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Scores worry Natives

Poor results from high school exams prompts call for action

Posted: Sunday, June 25, 2000

When many high school sophomores can't pass the tests needed for a diploma, it's time to panic, says Dennis Demmert, a retired University of Alaska professor.

Demmert was one of about 40 educators at the Southeast Alaska Native Education forum, held in Juneau late last week, when the news broke about the results of the first statewide high school graduation qualifying examination.

State Education Commissioner Rick Cross, in announcing Friday that many students didn't pass one or more of the reading, writing and math portions of the test, said it's not time to panic.

But the poor results -- which haven't yet been broken down by sex, ethnicity or school district -- were some Native educators' fears come true. They know Natives historically have done poorer than the statewide average on standardized tests.

``I'd say it's panic time,'' Demmert told the forum Saturday at Alaska Native Brotherhood Hall.

``There is not much time for those already in the system. The scores we saw, unfortunately, are all too reflective, I would say, of what we will see later on.''

The educators at the forum want Native leaders to meet with Gov. Tony Knowles and Commissioner Cross soon to talk about their concerns. And they want Native parents to tell school boards to be prepared to help failing students with tutoring and other resources.

``Each of us in our communities really needs to approach the school boards and say, `Budget in tutoring,' '' Demmert said. He urged Natives to become ``squeaky wheels'' at school boards.

If the comments at the forum are any indication, the test results will spur some soul-searching throughout the state.

Participants said parents need to be more involved in their children's education, the curricula has to match what's on the test and teachers need to be accountable.

But one experienced educator was less alarmed by the high school test results. The students have many more opportunities to take the test, said Sasha Soboleff, a longtime Juneau-Douglas High School administrator and now director of special programs for the Juneau School District.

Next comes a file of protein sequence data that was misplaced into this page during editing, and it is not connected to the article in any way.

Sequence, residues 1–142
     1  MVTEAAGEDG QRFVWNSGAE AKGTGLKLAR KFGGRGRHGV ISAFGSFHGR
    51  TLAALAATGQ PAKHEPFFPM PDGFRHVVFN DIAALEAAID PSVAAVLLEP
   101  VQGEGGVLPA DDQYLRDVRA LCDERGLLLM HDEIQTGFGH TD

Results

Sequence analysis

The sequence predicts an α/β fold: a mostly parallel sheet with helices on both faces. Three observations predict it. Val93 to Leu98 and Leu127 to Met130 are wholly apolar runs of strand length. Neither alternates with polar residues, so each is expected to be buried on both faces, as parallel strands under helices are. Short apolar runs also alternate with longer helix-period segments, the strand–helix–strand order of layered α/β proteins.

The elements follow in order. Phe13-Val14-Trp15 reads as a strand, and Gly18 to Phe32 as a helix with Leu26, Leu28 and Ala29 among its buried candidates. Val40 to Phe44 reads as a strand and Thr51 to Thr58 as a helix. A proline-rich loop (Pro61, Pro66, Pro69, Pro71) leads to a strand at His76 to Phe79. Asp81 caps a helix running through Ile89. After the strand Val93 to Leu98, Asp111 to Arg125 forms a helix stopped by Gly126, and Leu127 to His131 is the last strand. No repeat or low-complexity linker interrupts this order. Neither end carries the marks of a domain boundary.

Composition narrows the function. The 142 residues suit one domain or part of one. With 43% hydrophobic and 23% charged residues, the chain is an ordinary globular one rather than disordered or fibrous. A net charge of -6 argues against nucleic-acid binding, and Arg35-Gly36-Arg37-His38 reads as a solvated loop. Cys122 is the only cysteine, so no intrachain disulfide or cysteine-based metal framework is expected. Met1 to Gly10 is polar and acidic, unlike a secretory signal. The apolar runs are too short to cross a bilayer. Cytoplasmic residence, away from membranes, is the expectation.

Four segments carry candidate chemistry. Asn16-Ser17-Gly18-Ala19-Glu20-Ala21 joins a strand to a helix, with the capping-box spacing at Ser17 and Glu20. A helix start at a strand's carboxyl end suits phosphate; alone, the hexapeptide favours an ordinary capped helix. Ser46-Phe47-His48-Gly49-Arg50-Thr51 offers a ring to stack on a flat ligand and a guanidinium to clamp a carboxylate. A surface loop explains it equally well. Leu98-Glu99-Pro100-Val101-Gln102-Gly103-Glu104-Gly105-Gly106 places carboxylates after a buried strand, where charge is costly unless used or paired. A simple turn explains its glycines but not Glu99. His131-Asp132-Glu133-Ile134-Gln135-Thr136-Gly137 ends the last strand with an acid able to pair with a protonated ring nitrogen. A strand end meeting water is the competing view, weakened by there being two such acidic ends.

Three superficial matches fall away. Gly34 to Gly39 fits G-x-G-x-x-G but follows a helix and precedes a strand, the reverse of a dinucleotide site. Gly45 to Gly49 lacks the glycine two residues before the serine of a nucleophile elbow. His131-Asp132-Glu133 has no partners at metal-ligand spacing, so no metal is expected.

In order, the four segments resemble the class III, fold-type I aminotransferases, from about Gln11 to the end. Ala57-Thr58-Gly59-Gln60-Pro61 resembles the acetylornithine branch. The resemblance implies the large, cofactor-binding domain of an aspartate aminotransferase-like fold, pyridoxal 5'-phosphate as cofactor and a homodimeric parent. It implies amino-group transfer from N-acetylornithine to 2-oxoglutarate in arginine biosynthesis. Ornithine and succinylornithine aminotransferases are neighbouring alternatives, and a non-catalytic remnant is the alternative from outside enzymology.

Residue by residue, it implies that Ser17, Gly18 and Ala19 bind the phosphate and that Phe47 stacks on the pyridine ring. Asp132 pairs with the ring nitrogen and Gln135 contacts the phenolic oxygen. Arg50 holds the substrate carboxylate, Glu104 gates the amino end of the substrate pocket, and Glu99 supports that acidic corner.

Some Juneau sophomores hadn't yet taken the math courses needed to pass the test, he said. Soboleff thinks the scores will go up in future years ``relatively fast.'' He favors after-school and Saturday tutoring for students who do poorly.

Soboleff also puts faith in the Juneau School District's new requirement that each school have an accountability plan for its level of education. He said the high school now finds some algebra students who don't know basic arithmetic.

Ishmael Hope, a recent JDHS graduate, said a lot of sophomores didn't care about the test because they'd have more chances to take it.

Hope thinks students and teachers will get used to the test. But meanwhile the test sacrifices the first classes to take it, because some of those students won't get a diploma, he said. He thinks the state should ease into the standards gradually.

Educators at the meeting had some special concerns about what hinders Native achievement. They felt some teachers might write off Native students because of cultural differences. Native students can be slow to answer questions and seem less eager in the classroom. And Native parents can be less involved in the schools and appear less interested in their children's education because of a legacy of discrimination.

One of the goals of the Southeast Alaska Native Educators' Association is to train new teachers about those differences at school districts' ``in-services.''

When Natives speak of their children's low self-esteem, ``what they are seeing is low esteem on the part of others who don't think they can make it,'' Demmert said.

Ronald Dick, who teaches at Sheldon Jackson College in Sitka, said Natives should consider creating their own institutions, such as preparatory academies, to support their students.

``I'm not all that confident that we're going to be able to change the direction of the existing system all that much,'' Dick said. ``To add something to what's already existing might help.''

A tribal college could meet some of those needs, including preparing students for the General Educational Development credential -- the GED -- said Andy Hope, who is an interim trustee of the fledgling Southeast Alaska Tribal College.

The tribal college, which would seek federal funds, hasn't begun yet. The interim trustees plan to have a permanent board appointed by the fall. There's no indication of where or when the college would open its doors.

The college could develop transition programs for ``all the kids who have fallen through the black hole of failure,'' Hope said. ``Somebody's got to take responsibility. Somebody's got to clean up the mess, and it's us.''



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